Rib and breastbone pain

by Barbara
(Delaware, USA)

Rib and breastbone pain

I have experienced rib pain for over two years now. I've been to musculoskeletal doctor who was highly recommended. After a treatment with him, I was worse. I've been to many physical therapists, chiropractors and an acupuncturist. I have had some relief but it never goes completely away. Breathing is difficult at times as is sitting, especially if I place my back against the back of a chair. I have had heartburn which I did not experience before. This all happened after I did some extremely strenuous yard work. The pain actually feels like a stitch in my side as well as in my back ribs. Sometimes I have pain in my breastbone area. Specialists who have examined me say my left rib cage protrudes and is higher than the right. My hip also tends to stay hiked up and the pta has tried to correct that by having me cough while she pulls on my foot. Will you please offer a diagnosis? Is it possible to dislocate a ribcage? Any suggestions would be greatly appreciated. Thank you.

Hello Barbara,
There is a high suspicion of a condition known as Tietzes syndrome. Heavy manipulation in the middle of the back will increase the breastbone pain.

It probably all starts from a subluxated rib in your midback, though there are different opinions.

If you run your fingers down the breastbone is one side more tender? Is there a palpable lump?

The diaphragm attaches to the underside of these ribs which is why there is often indigestion or heartburn.

The breathing pain is a very strong sign of a rib condition.

A breast exam and chest xray would be a good idea.

Let me know.

» Rib and breastbone pain

Comments for Rib and breastbone pain

Average Rating starstarstarstarstar

Click here to add your own comments

Apr 11, 2016
Tietze's syndrome help
by: Anonymous

I have the same exact trouble with my ribs and hip on the same side. Have been to 5 chiropractors and all made it worse. If you know the name of the doc that fixes this in Jersey... Let me know.

Hello, as stated below a hard posterior manipulation of the rib will often worsen breastbone pain; the "anterior thoracic" is the treatment of choice.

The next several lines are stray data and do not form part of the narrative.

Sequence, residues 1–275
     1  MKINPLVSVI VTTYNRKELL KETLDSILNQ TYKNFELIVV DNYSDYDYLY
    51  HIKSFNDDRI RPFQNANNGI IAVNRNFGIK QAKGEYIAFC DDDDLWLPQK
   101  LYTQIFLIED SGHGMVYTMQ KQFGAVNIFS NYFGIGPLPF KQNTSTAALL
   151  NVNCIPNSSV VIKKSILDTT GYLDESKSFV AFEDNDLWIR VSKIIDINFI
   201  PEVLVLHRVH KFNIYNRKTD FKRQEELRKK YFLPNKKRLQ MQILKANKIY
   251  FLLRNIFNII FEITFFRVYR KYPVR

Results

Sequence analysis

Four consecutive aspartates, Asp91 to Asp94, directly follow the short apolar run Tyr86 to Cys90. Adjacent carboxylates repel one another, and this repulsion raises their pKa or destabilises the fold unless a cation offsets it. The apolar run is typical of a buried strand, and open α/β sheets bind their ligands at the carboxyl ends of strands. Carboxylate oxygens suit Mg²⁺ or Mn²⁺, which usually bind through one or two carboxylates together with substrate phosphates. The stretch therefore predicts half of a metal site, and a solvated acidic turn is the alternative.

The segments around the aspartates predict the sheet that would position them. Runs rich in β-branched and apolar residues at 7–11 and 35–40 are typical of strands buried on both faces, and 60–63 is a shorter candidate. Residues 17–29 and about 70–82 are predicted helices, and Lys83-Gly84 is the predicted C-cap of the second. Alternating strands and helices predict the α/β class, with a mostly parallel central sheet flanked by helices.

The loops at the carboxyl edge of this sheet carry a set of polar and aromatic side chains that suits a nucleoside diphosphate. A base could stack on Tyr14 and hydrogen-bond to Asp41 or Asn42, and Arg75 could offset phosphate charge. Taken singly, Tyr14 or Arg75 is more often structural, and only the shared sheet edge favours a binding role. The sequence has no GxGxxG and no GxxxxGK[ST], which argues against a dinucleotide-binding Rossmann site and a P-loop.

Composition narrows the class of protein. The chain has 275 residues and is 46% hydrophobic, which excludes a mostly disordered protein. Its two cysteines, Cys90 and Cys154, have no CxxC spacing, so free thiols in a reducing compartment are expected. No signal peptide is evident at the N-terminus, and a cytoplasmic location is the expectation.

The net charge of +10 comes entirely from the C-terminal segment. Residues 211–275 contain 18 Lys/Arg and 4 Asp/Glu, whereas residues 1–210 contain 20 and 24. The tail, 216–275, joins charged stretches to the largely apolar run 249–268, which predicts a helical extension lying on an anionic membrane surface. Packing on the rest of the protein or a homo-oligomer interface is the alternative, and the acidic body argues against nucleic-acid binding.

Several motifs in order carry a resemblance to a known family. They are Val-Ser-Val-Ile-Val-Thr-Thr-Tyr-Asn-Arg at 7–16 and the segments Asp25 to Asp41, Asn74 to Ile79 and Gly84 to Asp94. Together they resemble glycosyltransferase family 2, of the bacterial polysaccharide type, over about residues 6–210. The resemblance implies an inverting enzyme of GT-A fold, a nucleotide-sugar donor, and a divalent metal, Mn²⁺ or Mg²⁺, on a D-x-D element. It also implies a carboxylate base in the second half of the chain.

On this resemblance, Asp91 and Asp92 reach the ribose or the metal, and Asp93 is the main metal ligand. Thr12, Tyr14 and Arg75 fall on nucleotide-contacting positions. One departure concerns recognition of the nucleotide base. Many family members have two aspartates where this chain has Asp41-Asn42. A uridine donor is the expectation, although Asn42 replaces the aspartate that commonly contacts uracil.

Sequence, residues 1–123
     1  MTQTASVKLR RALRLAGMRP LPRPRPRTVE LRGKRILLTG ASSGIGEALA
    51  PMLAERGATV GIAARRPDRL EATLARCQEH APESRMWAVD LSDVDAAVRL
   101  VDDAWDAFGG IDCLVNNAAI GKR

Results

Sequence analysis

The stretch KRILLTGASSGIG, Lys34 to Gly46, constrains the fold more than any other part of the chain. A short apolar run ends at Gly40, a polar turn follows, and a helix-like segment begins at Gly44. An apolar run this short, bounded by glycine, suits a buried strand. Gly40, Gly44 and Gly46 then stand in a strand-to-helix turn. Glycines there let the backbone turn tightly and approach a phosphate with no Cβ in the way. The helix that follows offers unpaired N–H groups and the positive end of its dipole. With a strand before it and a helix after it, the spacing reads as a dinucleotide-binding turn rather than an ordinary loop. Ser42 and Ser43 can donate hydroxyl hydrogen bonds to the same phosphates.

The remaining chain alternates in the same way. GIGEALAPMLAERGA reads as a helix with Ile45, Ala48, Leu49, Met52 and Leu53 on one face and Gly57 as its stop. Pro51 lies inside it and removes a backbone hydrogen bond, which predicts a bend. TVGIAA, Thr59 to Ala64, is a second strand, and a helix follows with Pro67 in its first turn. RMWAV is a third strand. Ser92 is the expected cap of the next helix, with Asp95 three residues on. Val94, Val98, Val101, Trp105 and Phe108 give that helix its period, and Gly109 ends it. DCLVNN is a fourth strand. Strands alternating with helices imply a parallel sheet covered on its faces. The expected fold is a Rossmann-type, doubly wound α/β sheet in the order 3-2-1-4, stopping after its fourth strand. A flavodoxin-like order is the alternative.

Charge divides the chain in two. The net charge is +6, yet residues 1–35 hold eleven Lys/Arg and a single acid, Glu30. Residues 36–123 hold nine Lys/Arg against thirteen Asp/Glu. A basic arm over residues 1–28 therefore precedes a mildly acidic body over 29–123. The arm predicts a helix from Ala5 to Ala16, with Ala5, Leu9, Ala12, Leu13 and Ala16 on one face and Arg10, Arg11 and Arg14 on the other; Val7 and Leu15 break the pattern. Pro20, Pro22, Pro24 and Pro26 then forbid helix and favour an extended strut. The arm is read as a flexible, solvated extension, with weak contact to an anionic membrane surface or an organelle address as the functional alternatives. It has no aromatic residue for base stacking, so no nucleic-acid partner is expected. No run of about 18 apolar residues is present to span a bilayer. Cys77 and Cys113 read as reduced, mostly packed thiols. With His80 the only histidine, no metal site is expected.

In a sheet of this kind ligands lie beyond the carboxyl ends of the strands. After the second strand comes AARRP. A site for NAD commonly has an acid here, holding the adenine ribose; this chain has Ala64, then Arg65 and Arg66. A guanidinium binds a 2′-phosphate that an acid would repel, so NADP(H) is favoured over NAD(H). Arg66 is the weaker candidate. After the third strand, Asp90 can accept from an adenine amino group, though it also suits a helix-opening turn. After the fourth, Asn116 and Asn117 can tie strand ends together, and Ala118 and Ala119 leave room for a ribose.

Having been to five different chiropractors though, unless you were expecting a one treatment miracle from each, means it's time for an x-ray. If you also have a cough, and especially if a smoker, then see your medical doctor.

Dr B

Jul 30, 2015
Possible Tietzes?
by: Barbara, Delaware, USA

Dr. B.

I have had both a breast exam and a chest xray. Neither one shows any type of abnormality. Someone mentioned on a previous post, they knew of a chiropractor in New Jersey who could possibly help, someone who is familiar with Tietzes syndrome. Could you pass along this person's name and contact info? Also, if anyone knows of a medical professional in Maryland that would be appreciated as well and would help me in regards to health insurance. Thank you so much. This website has given me hope I haven't had in quite a while.

Best regards,


I'm afraid I'm far distant in South Africa and have no clue of chiropractors familiar with Tietzes.

Start with list of chiropractors and phone each one, ask if they've heard of Tietzes syndrome, if yes, go for an examination without treatment. Then weigh up whether this person seems to know what they are about.

Just remember, a forceful posterior to anterior manipulation will worsen your condition.

I can give you a reasonable assurance that you get at least fifty percent relief of pain, and probably eighty.

I've worked out how to treat Tietzes syndrome, and you can be sure there are plenty of others. They can always skype me.

Dr B

Click here to add your own comments

Join in and write your own page! It's easy to do. How? Simply click here to return to LOVE HATE.

Did you find this page useful? Then perhaps forward it to a suffering friend. Better still, Tweet or Face Book it.

Share this page:
Enjoy this page? Then forward it to a friend. Here's how...

Would you prefer to share this page with others by linking to it?

  1. Click on the HTML link code below.
  2. Copy and paste it, adding a note of your own, into your blog, a Web page, forums, a blog comment, your Facebook account, or anywhere that someone would find this page valuable.